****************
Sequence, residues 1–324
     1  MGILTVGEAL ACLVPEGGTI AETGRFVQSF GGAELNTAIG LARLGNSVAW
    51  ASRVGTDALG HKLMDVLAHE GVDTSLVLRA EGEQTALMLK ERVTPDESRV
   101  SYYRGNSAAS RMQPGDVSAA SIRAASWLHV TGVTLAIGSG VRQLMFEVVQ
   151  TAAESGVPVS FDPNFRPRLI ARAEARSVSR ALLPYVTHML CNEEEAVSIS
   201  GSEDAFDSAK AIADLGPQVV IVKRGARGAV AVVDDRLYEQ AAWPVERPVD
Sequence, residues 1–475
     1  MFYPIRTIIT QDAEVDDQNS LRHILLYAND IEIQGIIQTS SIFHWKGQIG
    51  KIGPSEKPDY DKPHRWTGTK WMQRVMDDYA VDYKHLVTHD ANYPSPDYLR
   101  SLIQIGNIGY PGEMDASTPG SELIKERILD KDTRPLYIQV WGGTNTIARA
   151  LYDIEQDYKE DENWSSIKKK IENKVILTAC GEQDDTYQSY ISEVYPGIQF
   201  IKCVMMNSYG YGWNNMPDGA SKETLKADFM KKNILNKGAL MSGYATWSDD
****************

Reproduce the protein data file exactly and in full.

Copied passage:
Sequence, residues 1–324
     1  MGILTVGEAL ACLVPEGGTI AETGRFVQSF GGAELNTAIG LARLGNSVAW
    51  ASRVGTDALG HKLMDVLAHE GVDTSLVLRA EGEQTALMLK ERVTPDESRV
   101  SYYRGNSAAS RMQPGDVSAA SIRAASWLHV TGVTLAIGSG VRQLMFEVVQ
   151  TAAESGVPVS FDPNFRPRLI ARAEARSVSR ALLPYVTHML CNEEEAVSIS
   201  GSEDAFDSAK AIADLGPQVV IVKRGARGAV AVVDDRLYEQ AAWPVERPVD
Sequence, residues 1–475
     1  MFYPIRTIIT QDAEVDDQNS LRHILLYAND IEIQGIIQTS SIFHWKGQIG
    51  KIGPSEKPDY DKPHRWTGTK WMQRVMDDYA VDYKHLVTHD ANYPSPDYLR
   101  SLIQIGNIGY PGEMDASTPG SELIKERILD KDTRPLYIQV WGGTNTIARA
   151  LYDIEQDYKE DENWSSIKKK IENKVILTAC GEQDDTYQSY ISEVYPGIQF
   201  IKCVMMNSYG YGWNNMPDGA SKETLKADFM KKNILNKGAL MSGYATWSDD